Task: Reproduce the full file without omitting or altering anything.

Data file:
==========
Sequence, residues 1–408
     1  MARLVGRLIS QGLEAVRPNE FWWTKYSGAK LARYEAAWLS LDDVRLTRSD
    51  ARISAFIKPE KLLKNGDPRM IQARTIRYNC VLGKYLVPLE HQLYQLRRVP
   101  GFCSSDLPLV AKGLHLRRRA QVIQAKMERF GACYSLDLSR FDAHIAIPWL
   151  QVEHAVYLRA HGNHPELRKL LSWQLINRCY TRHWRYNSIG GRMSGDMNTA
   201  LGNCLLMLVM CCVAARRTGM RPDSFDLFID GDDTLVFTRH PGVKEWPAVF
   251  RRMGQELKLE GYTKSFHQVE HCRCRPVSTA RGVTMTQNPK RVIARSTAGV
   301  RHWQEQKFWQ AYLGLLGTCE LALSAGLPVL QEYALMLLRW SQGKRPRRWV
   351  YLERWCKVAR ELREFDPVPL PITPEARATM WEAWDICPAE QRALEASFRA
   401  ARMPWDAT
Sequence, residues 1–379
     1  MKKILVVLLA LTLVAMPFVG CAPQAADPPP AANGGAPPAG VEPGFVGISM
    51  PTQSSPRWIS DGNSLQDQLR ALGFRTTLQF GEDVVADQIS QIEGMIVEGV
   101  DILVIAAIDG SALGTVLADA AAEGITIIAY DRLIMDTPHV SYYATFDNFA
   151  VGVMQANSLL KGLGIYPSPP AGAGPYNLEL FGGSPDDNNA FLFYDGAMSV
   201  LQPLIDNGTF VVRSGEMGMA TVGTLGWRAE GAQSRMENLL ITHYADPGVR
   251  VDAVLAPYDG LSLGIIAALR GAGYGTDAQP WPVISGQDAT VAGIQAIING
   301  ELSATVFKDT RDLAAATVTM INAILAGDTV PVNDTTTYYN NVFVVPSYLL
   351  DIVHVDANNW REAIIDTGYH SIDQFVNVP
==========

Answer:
Sequence, residues 1–408
     1  MARLVGRLIS QGLEAVRPNE FWWTKYSGAK LARYEAAWLS LDDVRLTRSD
    51  ARISAFIKPE KLLKNGDPRM IQARTIRYNC VLGKYLVPLE HQLYQLRRVP
   101  GFCSSDLPLV AKGLHLRRRA QVIQAKMERF GACYSLDLSR FDAHIAIPWL
   151  QVEHAVYLRA HGNHPELRKL LSWQLINRCY TRHWRYNSIG GRMSGDMNTA
   201  LGNCLLMLVM CCVAARRTGM RPDSFDLFID GDDTLVFTRH PGVKEWPAVF
   251  RRMGQELKLE GYTKSFHQVE HCRCRPVSTA RGVTMTQNPK RVIARSTAGV
   301  RHWQEQKFWQ AYLGLLGTCE LALSAGLPVL QEYALMLLRW SQGKRPRRWV
   351  YLERWCKVAR ELREFDPVPL PITPEARATM WEAWDICPAE QRALEASFRA
   401  ARMPWDAT
Sequence, residues 1–379
     1  MKKILVVLLA LTLVAMPFVG CAPQAADPPP AANGGAPPAG VEPGFVGISM
    51  PTQSSPRWIS DGNSLQDQLR ALGFRTTLQF GEDVVADQIS QIEGMIVEGV
   101  DILVIAAIDG SALGTVLADA AAEGITIIAY DRLIMDTPHV SYYATFDNFA
   151  VGVMQANSLL KGLGIYPSPP AGAGPYNLEL FGGSPDDNNA FLFYDGAMSV
   201  LQPLIDNGTF VVRSGEMGMA TVGTLGWRAE GAQSRMENLL ITHYADPGVR
   251  VDAVLAPYDG LSLGIIAALR GAGYGTDAQP WPVISGQDAT VAGIQAIING
   301  ELSATVFKDT RDLAAATVTM INAILAGDTV PVNDTTTYYN NVFVVPSYLL
   351  DIVHVDANNW REAIIDTGYH SIDQFVNVP